This kingdom that Jesus spoke of was not a future state of being, or some distant place, but something that was happening on this earth here and now. God was not to be understood merely as the creator and ruler over all creation, but instead his reign was now to be viewed as exploding into the lives of his people in a way that affected every aspect of their lives. This was to be a dynamic new reality that had absolute dominion in the lives and choices of his people.

Admonishing the Pharisees for their lack of justice and mercy, Jesus says: “You have neglected the more important matters of the law – justice, mercy and faithfulness” (Matt 23:23). Elsewhere Jesus elaborates on his message when he reads the old prophecy: “The Spirit of the Lord is upon me, because he has anointed me to proclaim good news to the poor. He has sent me to proclaim liberty to the captives and recovery of sight to the blind, to set at liberty those who are oppressed, to proclaim the year of the Lord’s favor” (Lk 4:18-19).

What is our responsibility?

Obviously, then, if a Christian were to find himself or herself in a position of power that could influence the issue of human trafficking, he or she would be responsible for following the clear commands of Scripture in executing justice. However, much of the church has little or no direct proximity to the issue. Do they still have a responsibility?

Perhaps the best answer is found in the parable of the Good Samaritan (Lk 10:25-37):

  • Jesus recognizes in the lawyer’s question the human tendency to attempt to absolve ourselves of responsibility, claiming certain people are not our responsibility.
  • With his final command, “go and do likewise,” Jesus erases the boundaries the lawyer attempted to draw and drives home the point that those who truly participate in the Kingdom life fully live out the Law by “being neighbors” – bringing shalom to bear on all who experience brokenness around them.
  • To do nothing, Jesus seems to imply, would effectively be collusion with the brokenness of creation by allowing the man to continue suffering and dying.

The church is God’s vehicle to usher in shalom into the brokenness and oppression in the world. For the church to credibly announce that God is God and that his new world has begun, N.T. Wright reminds us, it has to be “actively involved in seeking justice in the world, both globally and locally, and cheerfully celebrating God’s good creation and its rescue from corruption.”3 Without this active interaction with the brokenness around us, our proclamation remains merely a shadow of the glorious gospel we have been tasked with sharing.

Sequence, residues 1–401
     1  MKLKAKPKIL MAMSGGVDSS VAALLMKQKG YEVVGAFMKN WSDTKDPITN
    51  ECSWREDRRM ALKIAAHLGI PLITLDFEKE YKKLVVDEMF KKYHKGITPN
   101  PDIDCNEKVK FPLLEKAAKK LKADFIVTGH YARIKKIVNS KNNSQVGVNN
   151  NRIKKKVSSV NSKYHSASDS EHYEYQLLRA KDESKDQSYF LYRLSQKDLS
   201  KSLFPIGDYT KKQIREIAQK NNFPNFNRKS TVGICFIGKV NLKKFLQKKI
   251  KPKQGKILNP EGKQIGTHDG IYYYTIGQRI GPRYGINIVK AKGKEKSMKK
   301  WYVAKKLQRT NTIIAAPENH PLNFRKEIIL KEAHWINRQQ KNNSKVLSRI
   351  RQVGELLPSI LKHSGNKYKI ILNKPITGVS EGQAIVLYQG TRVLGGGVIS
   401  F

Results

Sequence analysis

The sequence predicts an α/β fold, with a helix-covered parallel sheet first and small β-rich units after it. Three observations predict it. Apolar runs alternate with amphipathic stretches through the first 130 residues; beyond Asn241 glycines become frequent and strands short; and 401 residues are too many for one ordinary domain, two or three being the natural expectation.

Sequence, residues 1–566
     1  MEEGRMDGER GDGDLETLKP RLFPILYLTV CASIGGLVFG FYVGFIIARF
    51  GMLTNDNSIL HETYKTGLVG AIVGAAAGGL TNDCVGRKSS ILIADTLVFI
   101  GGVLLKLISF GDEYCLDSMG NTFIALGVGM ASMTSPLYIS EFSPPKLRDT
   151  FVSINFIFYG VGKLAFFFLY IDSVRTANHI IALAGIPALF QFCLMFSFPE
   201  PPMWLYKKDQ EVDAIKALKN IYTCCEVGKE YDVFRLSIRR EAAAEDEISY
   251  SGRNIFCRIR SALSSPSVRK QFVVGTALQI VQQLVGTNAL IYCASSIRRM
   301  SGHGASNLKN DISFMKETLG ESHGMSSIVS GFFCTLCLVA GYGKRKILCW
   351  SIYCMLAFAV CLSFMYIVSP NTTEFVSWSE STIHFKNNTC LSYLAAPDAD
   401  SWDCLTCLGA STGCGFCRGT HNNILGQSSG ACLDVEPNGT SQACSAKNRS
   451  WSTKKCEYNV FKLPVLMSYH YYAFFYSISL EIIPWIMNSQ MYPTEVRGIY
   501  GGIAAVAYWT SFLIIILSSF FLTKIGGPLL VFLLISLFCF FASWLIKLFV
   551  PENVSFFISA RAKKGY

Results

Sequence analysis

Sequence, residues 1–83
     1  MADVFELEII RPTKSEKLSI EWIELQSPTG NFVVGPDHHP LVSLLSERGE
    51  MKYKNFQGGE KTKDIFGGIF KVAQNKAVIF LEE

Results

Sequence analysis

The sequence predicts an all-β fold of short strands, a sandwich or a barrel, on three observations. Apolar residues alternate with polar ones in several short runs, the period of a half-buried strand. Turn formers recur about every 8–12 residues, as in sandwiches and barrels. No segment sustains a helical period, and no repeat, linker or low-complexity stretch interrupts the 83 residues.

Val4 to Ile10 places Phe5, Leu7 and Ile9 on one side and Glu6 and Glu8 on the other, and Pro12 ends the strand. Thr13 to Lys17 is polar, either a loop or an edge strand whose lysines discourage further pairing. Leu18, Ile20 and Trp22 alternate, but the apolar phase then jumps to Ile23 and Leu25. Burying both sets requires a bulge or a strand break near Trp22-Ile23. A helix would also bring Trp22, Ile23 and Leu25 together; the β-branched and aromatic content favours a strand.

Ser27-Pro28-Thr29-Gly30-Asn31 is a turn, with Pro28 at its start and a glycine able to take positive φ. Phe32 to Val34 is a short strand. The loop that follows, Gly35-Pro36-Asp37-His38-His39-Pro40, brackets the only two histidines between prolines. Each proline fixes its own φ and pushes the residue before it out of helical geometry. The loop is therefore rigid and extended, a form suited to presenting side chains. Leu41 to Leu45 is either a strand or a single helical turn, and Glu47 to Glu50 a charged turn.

So what must the church do?

1. Be the prophetic voice of transformation

The church’s purpose was made clear in the words of Jesus – to be the prophetic voice of transformation in the world – and yet it has historically swayed to the prevailing philosophical winds of time. The church must recognize that it was first and foremost established to bring the transformative news of God’s rescuing justice to this broken world.

2. Keep hope alive

The scale of human trafficking and the abuse and oppression that inevitably follows can be intimidating for most people. When this is coupled with a perceived lack of capacity to make a difference, it can lead most people into a state of hopelessness.

Yet these very situations of injustice can be the perfect breeding ground for hope. The church must continue to engage issues such as human trafficking, in ways both big and small, such that it presents the body of Christ as the ultimate harbinger of hope – both for the uncorrupted resurrection reality of the future, and perhaps more importantly, for that which will come alive in the present in the lives of the millions around the world who simply do not have it any longer.

3. Get engaged in the work

The church has historically been at the forefront on issues of education, hospitals, orphanages, feeding the hungry, and the abolition of slavery in some parts of the world. Unfortunately, it has been conspicuously missing, for the most part, on human trafficking, which affects almost every country. There is much the global body of Christ can do to make a difference: